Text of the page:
DBT for substance abuse is considered a highly effective, evidence-based treatment for people with substance use disorders (SUDs) as well as those with poly-substance addictions and/or co-occurring mental health and substance use disorders. A lynchpin of the Pennsylvania Adult & Teen Challenge (PAATC) addiction treatment is our dialectical behavior therapy program.
If you or someone you care about is suffering from an addiction to drugs or alcohol and you would like to know more about addiction treatment, DBT for substance abuse, and the overall benefits of behavioral therapy, reach out to speak to one of our staff. If you complete this online form or call 844.442.8673, you will be connected with someone who can answer your questions.
What Is DBT for Substance Abuse?
Dialectical behavior therapy was developed in the 1970s by psychologist Marsha Lineman and is based on cognitive-behavioral therapy (CBT). Though it was originally intended for use in the treatment of borderline personality disorder, DBT soon became recognized as highly effective for other mental health conditions, including addiction.
DBT deals with both acceptance and change, seemingly opposing forces that, together, help people in recovery begin to heal. Acceptance helps you find peace with the now so you can stop struggling and start to move forward. Acceptance does not mean acquiescence. It opens the path to a shift toward something healthier while reducing barriers and stress. That shift is the change you seek. In the case of addiction treatment, it means recovery, sobriety, wellness, and mental and physical health.
How DBT Works
DBT is based on a set of established principles and goals that, by shifting behaviors, allow people to change their thinking and outlook in a holistic way without self-recrimination or anxiety.
- Mindfulness allows for full immersion in the present moment, which creates a clarity of focus and a way to end reactivity in the face of stressful situations and feelings. Mindfulness creates a calming effect on the neurological system, helpful in recovery, and life.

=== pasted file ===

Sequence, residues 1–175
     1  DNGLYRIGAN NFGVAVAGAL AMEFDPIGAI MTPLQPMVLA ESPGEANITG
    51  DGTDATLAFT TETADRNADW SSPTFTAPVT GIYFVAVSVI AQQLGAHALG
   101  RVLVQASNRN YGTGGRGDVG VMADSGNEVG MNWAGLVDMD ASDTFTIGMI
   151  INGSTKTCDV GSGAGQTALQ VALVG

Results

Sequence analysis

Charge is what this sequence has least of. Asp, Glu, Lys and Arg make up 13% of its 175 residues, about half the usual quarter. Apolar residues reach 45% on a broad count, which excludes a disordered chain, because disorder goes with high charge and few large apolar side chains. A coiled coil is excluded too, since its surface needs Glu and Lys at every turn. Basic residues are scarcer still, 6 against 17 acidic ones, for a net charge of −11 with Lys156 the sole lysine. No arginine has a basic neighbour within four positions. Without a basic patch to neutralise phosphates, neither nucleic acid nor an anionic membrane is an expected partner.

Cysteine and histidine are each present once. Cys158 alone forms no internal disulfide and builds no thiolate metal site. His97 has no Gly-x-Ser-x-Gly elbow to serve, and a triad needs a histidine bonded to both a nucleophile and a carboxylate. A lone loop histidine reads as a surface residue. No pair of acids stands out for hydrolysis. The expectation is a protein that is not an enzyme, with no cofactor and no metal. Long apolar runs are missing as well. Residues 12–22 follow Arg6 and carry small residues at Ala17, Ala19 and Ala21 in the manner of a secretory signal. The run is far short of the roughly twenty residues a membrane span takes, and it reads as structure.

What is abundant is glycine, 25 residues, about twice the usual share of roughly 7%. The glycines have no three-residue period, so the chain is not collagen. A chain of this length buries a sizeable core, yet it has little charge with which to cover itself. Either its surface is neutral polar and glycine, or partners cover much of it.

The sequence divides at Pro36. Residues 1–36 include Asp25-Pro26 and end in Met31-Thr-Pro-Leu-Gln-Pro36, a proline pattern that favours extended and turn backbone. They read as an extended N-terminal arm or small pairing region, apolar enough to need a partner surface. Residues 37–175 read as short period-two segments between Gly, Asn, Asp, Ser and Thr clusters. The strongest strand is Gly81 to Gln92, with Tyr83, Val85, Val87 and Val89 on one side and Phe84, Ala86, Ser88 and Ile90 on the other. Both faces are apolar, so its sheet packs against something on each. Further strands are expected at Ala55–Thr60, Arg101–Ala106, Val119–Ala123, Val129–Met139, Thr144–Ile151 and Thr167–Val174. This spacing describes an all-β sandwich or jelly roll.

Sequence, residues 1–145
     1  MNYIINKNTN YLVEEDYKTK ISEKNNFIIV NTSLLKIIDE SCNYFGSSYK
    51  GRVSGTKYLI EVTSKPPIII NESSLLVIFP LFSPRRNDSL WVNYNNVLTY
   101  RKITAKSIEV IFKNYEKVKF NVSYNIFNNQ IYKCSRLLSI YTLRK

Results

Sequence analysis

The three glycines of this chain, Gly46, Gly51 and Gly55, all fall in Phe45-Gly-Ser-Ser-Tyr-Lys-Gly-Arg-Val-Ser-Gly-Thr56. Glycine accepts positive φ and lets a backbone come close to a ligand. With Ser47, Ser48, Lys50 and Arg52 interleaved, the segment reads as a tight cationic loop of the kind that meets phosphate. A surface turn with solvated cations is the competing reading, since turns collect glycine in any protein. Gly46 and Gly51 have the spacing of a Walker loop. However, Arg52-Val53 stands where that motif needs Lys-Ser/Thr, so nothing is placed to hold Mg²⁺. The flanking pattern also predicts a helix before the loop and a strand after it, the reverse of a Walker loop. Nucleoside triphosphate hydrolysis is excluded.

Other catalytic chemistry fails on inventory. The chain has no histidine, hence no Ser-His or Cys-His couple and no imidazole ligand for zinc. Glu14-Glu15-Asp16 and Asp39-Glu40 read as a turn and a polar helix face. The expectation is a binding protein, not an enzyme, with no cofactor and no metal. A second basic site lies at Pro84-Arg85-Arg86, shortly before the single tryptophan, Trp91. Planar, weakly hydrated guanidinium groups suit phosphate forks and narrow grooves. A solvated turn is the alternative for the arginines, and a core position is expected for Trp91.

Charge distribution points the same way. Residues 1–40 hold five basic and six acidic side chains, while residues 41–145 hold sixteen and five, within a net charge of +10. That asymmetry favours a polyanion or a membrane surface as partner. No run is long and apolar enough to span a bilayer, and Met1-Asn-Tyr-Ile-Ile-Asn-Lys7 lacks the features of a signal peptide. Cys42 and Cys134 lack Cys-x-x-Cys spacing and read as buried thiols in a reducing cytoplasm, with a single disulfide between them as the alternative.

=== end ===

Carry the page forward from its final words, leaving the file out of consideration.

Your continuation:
- Distress tolerance is an important goal and outcome of DBT. Substance abuse often arises out of someone’s seeking a way to manage mental health symptoms, life challenges, and trauma. DBT helps you develop mechanisms for distress tolerance, so you needn’t rely on drugs or alcohol.
- Interpersonal effectiveness is often a casualty of addiction which makes it difficult to ask for help, talk about feelings, or admit vulnerability. DBT helps people become effective communicators. This skill supports healthy relationships, including openness as well as the setting of healthy boundaries.
- Emotional regulation is central to distress tolerance and interpersonal relationships. It relies on the mindfulness lynchpin of DBT. It is possible to feel your emotions in a healthy range that does not require drugs to manage or leave you drained and anxious.
Mindfulness, honest and compassionate communication, and distress tolerance are all part of DBT. The fundamentals of this therapy modality work in concert to help those with substance addictions change their behaviors as well as their thinking.
Benefits of Behavioral Therapy
Behavioral therapies such as CBT and DBT bring about change from within by helping you realize the thoughts and beliefs you carry with you that steer you in unhealthy directions, and gradually shifting those thought patterns into beliefs and expectations that affect behavior in positive ways.
This process does not have to be traumatic, painful, or draining. DBT offers a multi-faceted approach that amplifies feelings of trust, empowerment, and well-being while helping you shed hopeless, negative feelings that are based on fear rather than facts.
Dialectical Behavior Therapy for Addiction at PAATC
Let one of our staff answer your questions about DBT and its efficacy. We have a great deal of experience with this powerful therapeutic tool and have witnessed countless people begin a successful recovery with its help.